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Publisher's Summary

Inside Mr. Enderby introduced to a captivated audience Burgess's dyspeptic poet, whose uniquely idiosyncratic, scatological brand of verse even won the genuine approval of T. S. Eliot.

In his first clash with the outside world, Enderby is extracted from his lavatorial sanctuary by the professional widow Vesta Bainbridge in a most peculiar romance.

©1963 Anthony Burgess (P)2014 Audible Studios

What listeners say about Inside Mr Enderby

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If you liked A Confederacy of Dunces...

I really liked A Clockwork Orange and got a recommendation for the Enderby series of four novels. This is very different from A Clockwork Orange but excellent in a different way. This novel has been called "the most undervalued English novel of our era." It reminded me a lot of the Pulitzer Prize winning novel "A Confederacy of Dunces" which I also loved. Interestingly both novels were written about the same time (early 60's) and it seems without either author knowing about the other.

The novels follow Enderby, an obsurd, yet interesting poet. I found this both funny and oddly touching. The novel is mostly about the character and the writing and not the story

The narration is good, but has a few rough bits.

I have added the rest of the series to my reading list.

2 people found this helpful

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  • Nicholas P.
  • 11-08-16

exceptional reading of an outstanding book

Would you consider the audio edition of Inside Mr Enderby to be better than the print version?

John Sessions creates a visual picture that enhances the story. Splendid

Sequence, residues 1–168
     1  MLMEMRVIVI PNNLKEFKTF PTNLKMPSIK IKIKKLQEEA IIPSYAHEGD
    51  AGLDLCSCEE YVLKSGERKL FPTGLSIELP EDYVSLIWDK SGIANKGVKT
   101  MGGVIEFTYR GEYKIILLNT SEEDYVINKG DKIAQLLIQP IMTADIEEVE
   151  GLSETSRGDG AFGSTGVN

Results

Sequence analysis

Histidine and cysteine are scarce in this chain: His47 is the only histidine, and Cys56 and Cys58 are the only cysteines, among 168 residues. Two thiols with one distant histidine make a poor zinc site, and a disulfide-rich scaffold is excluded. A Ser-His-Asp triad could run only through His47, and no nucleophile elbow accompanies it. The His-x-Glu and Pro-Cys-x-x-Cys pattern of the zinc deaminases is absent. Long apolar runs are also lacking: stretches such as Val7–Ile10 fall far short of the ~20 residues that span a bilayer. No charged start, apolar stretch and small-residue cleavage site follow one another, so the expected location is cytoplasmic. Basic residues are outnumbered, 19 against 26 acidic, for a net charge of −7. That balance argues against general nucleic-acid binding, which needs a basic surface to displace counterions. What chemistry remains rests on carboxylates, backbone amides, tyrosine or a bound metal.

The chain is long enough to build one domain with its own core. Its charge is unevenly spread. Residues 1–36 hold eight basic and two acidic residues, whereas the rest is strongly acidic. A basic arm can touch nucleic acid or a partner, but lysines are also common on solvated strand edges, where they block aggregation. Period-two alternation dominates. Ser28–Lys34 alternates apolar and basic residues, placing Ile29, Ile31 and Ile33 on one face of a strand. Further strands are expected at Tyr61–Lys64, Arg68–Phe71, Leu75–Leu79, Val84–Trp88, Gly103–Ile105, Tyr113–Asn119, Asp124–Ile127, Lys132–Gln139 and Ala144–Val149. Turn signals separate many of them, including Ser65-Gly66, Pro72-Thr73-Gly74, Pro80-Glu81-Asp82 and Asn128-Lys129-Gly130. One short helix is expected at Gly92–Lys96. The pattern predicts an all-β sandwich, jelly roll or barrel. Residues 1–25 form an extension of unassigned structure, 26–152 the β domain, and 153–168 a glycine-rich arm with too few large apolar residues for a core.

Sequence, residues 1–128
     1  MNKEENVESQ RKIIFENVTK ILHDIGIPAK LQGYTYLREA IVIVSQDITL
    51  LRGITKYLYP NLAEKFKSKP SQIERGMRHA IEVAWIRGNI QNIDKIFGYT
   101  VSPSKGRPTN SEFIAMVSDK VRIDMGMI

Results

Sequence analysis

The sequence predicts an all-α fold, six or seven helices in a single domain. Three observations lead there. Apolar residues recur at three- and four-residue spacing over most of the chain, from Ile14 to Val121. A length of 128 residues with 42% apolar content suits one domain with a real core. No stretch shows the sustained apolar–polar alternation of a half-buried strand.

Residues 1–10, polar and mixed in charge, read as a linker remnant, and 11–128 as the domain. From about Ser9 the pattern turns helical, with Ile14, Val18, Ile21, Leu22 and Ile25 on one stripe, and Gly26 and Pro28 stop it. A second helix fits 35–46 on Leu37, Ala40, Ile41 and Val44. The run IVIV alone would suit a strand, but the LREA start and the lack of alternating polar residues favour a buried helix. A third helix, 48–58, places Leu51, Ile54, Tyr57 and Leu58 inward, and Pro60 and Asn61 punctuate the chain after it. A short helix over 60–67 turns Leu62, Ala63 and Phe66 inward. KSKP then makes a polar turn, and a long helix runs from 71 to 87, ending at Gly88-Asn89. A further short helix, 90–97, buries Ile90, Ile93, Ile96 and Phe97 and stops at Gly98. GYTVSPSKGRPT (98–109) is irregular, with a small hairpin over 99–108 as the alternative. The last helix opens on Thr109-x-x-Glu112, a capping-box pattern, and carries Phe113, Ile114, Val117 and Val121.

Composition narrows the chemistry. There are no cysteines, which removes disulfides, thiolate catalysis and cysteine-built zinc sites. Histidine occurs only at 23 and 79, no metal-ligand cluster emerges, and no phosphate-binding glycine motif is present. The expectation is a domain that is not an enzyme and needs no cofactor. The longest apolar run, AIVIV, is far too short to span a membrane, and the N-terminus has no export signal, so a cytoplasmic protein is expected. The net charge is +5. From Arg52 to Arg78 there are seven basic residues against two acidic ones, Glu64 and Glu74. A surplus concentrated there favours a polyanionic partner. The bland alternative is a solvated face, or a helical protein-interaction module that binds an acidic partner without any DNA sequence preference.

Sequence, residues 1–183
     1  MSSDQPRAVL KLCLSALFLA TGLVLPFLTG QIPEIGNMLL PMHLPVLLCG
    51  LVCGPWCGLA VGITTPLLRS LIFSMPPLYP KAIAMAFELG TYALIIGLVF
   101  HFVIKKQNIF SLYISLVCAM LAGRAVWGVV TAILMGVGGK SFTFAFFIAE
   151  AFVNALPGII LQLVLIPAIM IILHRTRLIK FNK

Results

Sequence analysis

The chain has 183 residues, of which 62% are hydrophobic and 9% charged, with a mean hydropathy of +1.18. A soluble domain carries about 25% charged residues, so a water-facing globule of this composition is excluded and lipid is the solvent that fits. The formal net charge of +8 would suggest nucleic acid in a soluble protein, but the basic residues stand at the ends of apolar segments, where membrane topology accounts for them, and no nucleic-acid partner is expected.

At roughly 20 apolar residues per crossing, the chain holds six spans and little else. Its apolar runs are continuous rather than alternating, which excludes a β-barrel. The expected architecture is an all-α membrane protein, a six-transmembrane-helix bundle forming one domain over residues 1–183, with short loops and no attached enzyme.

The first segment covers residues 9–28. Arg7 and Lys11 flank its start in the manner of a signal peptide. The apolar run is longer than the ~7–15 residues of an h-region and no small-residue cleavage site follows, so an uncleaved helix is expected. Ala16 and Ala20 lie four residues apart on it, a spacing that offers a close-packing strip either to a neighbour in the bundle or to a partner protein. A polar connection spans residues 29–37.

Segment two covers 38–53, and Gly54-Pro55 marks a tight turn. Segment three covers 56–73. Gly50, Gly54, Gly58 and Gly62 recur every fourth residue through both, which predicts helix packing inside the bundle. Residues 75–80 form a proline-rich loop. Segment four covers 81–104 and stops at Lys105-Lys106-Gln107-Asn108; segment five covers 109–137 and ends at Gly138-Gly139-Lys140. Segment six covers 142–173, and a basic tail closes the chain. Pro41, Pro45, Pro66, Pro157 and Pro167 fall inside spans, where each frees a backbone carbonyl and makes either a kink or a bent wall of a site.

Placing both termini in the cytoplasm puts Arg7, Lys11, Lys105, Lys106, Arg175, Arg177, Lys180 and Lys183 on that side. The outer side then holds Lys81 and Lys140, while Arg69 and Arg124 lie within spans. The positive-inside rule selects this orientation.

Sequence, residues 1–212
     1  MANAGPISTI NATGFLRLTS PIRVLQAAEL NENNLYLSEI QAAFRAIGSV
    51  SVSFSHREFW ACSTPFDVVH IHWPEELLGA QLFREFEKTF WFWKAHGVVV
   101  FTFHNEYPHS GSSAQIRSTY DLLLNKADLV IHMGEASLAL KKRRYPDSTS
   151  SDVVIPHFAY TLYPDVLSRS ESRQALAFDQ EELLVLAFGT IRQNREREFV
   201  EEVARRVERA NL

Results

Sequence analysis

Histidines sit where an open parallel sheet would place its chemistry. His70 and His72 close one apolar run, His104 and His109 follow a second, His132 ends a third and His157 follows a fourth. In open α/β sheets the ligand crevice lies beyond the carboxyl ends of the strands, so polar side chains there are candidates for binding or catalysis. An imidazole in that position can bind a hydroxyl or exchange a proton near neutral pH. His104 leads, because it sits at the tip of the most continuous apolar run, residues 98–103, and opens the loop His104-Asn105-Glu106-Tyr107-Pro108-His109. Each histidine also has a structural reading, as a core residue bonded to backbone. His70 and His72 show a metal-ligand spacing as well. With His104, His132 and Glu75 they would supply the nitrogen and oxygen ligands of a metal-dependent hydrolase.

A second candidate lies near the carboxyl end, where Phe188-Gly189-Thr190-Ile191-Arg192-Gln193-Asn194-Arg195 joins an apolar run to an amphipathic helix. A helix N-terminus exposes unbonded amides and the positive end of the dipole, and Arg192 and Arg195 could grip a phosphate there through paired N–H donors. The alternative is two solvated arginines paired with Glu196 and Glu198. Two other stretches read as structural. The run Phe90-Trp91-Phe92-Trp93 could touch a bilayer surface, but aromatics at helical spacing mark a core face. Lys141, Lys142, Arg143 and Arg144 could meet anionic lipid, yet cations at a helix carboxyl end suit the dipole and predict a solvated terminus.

What does John Sessions bring to the story that you wouldn’t experience if you had only read the book?

Outstanding creation of the characters

3 people found this helpful

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  • David
  • 05-07-19

Funny but thoughtful

This is one of the best books I've listened to for a long time. In places this is laugh out loud funny and several times I had to rewind as I'd been laughing so much I'd missed what was happening. However, the book is also very thought-provoking and after a hilarious introduction to the main characters, it takes a much more serious turn. The eponymous main character is a poet who is socially isolated and has problems interacting with the real world, despite being highly intelligent. The book chronicles his disastrous attempt to become more 'normal' and integrate into society. The book really draws you into the life of this initially unappealing character.
I particularly enjoyed the detailed and humorous portrayal of the creative process. At many points during the book Enderby is struck by inspiration for a poem, and it details the painstaking process by which he creates the poem from initial fleeting thoughts. The book is very well-read with effective use of different tones and accents for the different characters and Enderby's interior monologue.
I'm really looking forward to the rest of the Enderby series.

1 person found this helpful

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  • Nicholas O'Brien
  • 04-01-20

A sad take comically told

Enderby, a minor poet who is at happiest alone with his words emerges into the wider world.